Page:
FedNOW… in 2023? The Allure of Instant Payments
The Federal Reserve stirred the pot in 2018 when it requested comments on its offering a real-time payments network, since branded as FedNOW. Credit unions and community banks encouraged the Fed’s entry into the real-time market as a way to ensure widespread access to this important new capability. After an initial road show of regional town hall meetings, however, the Fed notably pulled back from the press release circuit, focusing instead on project planning and industry dialogue through groups like the Faster Payments Council.
Last week the Fed broke its silence with a 50-page Federal Register notice and an accompanying webinar outlining its progress. The information for the most part confirms the vision the Fed laid out in 2018- which is a valuable step forward in itself, particularly given some additional meat on the bones. Most notably, the Fed reaffirmed its 2023-24 timeline for release of a “minimum viable product”; going real-time takes time, apparently.
Kansas City Fed President Esther George emphasized the objective of serving the broad market, and alluded to the potential for reaching the unbanked through partnerships. She also stressed the need for FIs to begin thinking now about instant payment use cases and potential product strategies. We second this advice- the impacts of COVID-19 have made the argument for such banking services clearer than ever. They cannot be launched overnight, however, and credit unions cannot afford to fall far behind large bank (and non-bank!) competition by waiting until FedNOW’s launch before starting the process.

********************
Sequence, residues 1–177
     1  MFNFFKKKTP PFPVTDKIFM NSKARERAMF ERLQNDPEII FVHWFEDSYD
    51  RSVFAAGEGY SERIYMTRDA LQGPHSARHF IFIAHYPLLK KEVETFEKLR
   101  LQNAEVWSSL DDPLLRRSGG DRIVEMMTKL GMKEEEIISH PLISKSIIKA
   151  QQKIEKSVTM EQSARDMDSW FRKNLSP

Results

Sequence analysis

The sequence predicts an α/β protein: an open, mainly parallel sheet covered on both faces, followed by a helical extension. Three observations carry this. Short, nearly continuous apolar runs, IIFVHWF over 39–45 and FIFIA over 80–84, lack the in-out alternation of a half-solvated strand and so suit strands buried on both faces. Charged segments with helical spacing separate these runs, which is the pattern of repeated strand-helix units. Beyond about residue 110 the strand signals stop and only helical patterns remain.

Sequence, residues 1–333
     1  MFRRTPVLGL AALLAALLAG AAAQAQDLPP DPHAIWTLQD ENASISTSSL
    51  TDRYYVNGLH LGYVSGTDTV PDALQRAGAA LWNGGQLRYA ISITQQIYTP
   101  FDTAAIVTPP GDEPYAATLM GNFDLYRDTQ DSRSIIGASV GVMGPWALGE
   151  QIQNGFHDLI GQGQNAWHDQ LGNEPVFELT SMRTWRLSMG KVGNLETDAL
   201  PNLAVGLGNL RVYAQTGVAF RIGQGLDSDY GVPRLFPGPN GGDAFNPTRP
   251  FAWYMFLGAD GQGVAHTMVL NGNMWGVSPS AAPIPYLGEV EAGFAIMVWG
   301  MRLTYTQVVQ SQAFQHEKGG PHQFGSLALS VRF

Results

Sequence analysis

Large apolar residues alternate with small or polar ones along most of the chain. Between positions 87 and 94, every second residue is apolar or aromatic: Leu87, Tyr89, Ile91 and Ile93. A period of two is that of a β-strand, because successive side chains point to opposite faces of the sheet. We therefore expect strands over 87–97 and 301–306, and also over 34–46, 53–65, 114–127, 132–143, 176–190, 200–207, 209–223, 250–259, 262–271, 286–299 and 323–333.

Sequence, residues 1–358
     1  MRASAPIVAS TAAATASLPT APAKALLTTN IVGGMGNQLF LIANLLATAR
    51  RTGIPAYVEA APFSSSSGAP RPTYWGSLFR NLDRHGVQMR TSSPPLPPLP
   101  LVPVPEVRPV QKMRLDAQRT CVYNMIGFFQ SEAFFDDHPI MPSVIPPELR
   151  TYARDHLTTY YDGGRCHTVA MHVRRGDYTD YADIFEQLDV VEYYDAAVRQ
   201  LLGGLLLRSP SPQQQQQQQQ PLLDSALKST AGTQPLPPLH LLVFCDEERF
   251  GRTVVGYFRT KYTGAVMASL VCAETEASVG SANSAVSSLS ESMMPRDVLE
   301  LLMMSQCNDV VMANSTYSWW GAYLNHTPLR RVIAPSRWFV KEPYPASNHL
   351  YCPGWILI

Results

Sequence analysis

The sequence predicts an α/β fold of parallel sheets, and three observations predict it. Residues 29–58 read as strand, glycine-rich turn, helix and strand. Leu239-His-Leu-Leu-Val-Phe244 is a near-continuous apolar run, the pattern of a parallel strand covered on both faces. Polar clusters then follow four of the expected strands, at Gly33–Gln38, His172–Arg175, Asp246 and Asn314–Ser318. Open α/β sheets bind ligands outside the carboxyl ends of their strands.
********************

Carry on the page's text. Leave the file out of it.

One key takeaway from the Fed’s webinar, unfortunately, was the absence of an important feature from the product roadmap- interoperability. The Clearing House’s instant payments solution, RTP, has been live for well over a year. Although TCH is jointly owned by 25 of the country’s largest banks, it has repeatedly signaled its desire to work with all institutions and has specifically courted credit unions. Still, the strong CU and community bank response to the Fed’s 2018 request for comments speaks to widespread discomfort with the idea of a small group of well-funded competitors owning a critical piece of industry infrastructure.
It’s worth noting that the Fed and TCH have long operated competing and interoperable sets of parallel ACH payment rails. Although the Fed didn’t mention TCH by name on the webinar, it did remark that “interoperability requires collaboration.” The current standoff sets up a game of chicken for thousands of FIs who must decide whether to align with RTP or wait for FedNOW.
Our real-time advice- subject to change, as the situation evolves- is to keep close tabs on instant payments developments, regarding market demand as well as industry infrastructure. Credit unions should be thinking ahead about how products and services leveraging instant payments could benefit their members- both consumers and small businesses. And of course we’d be happy to help you sort through these possibilities.
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